Steve April 13, 2021
us-intel-report:-virus-impact-to-cause-global-‘aftershocks’

A U_S_ intelligence community report says the effects of the coronavirus pandemic are expected to contribute over the next year to “humanitarian and economic crises, political unrest, and geopolitical competition.”

April 13, 2021, 4:37 PM

4 min read

WASHINGTON — The effects of the coronavirus pandemic are expected to contribute over the next year to “humanitarian and economic crises, political unrest, and geopolitical competition,” according to a new intelligence report that also warns about the threats from foreign adversaries and from violent extremists inside the United States.

The U.S. government’s annual assessment of worldwide threats, released Tuesday ahead of congressional hearings expected to cover similar territory, charts a broad array of potential dangers anticipated by the intelligence community over the coming year. Its grim assessment of diverse threats echoes in some ways the conclusions of a separate intelligence report from last week that examined likely global challenges, including related to the pandemic, over the next 20 years.

“The American people should know as much as possible about the threats facing our nation and what their intelligence agencies are doing to protect them,” Avril Haines, the director of national intelligence, said in a statement accompanying Tuesday’s report.

“No country has been completely spared, and even when a vaccine is widely distributed globally, the economic and political aftershocks will be felt for years,” the report says.

The document focuses significant attention on threats from foreign countries, though those concerns are largely already known and frequently discussed. China, the document warns, is likely to continue its efforts to spread its influence and undercut U.S. power while Russia is likely to continue developing its military and cyber capabilities while also seeking “pragmatic cooperation with Washington on its own terms.”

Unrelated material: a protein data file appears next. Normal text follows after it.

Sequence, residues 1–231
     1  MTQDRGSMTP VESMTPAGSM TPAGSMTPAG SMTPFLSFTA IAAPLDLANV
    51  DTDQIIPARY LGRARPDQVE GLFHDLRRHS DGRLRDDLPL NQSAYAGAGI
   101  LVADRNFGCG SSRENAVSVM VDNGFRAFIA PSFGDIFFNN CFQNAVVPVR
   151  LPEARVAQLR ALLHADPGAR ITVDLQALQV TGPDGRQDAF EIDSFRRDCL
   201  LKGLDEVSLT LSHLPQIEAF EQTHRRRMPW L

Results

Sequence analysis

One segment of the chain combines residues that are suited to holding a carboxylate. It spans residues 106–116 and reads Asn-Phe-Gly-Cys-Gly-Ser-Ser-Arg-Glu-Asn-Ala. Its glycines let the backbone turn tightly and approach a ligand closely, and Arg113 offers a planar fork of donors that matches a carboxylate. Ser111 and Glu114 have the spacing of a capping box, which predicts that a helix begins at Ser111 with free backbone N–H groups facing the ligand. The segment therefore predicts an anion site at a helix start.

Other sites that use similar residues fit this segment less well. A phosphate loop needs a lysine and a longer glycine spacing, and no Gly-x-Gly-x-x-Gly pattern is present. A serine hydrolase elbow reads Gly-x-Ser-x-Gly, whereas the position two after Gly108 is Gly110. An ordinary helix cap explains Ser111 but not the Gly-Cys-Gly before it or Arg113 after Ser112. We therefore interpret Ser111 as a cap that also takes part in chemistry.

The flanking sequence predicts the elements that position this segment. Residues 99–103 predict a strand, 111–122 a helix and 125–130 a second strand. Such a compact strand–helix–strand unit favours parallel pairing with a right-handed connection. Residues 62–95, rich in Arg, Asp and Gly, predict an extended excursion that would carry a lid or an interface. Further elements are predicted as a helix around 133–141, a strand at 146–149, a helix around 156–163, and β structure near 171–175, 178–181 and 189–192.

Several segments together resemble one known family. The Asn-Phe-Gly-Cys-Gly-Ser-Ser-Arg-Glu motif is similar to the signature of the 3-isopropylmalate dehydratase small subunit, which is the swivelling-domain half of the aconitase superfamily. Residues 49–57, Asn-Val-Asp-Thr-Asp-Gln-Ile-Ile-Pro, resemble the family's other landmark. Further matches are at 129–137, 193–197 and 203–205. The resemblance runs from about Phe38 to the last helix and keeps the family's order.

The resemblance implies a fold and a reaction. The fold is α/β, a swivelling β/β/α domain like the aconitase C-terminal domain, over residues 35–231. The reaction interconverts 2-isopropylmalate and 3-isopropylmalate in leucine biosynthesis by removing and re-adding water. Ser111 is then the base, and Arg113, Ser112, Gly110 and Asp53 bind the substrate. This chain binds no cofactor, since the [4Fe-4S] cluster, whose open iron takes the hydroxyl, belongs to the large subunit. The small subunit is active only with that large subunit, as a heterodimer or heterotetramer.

This year’s report was released against the backdrop of national security emergencies that have captured the government’s attention and resources. Two major cyber breaches, one by suspected Russian hackers targeting federal agencies and the other affecting Microsoft Exchange email software, have exposed vulnerabilities in the public and private sectors’ cyber defenses. And the deadly Jan 6. insurrection at the U.S. Capitol laid bare the threat posed by violent extremists in America.

The report warns that foreign adversaries — most notably, Russia, China, Iran and North Korea — are likely to deploy their cyber capabilities in ways that directly affect civilian populations, including through electronic surveillance or the censoring or manipulation of information.

Inside the U.S., domestic extremists motivated by feelings of white racial superiority and anti-government grievances pose an elevated threat to the U.S., the report says.

“Violent extremists who promote the superiority of the white race have been responsible for at least 26 lethal attacks that killed more than 141 people and for dozens of disrupted plots in the West since 2015,” according to the document.

Haines and other U.S. officials, including CIA Director William Burns and FBI Director Christopher Wray, are expected to testify this week about threats facing the world.

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Follow Eric Tucker on http://www.twitter.com/etuckerAP.


ABC News


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